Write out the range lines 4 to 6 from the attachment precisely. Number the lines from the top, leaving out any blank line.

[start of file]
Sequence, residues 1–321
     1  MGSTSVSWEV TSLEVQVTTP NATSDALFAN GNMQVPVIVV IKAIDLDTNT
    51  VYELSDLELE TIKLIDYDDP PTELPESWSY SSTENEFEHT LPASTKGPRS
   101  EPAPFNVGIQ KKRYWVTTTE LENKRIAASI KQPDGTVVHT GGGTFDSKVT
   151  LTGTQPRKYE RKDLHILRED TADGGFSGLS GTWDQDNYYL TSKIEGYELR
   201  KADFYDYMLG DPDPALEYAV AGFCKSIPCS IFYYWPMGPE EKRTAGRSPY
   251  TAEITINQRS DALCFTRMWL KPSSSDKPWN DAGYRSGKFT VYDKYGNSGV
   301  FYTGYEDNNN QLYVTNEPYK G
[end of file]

   101  EPAPFNVGIQ KKRYWVTTTE LENKRIAASI KQPDGTVVHT GGGTFDSKVT
   151  LTGTQPRKYE RKDLHILRED TADGGFSGLS GTWDQDNYYL TSKIEGYELR
   201  KADFYDYMLG DPDPALEYAV AGFCKSIPCS IFYYWPMGPE EKRTAGRSPY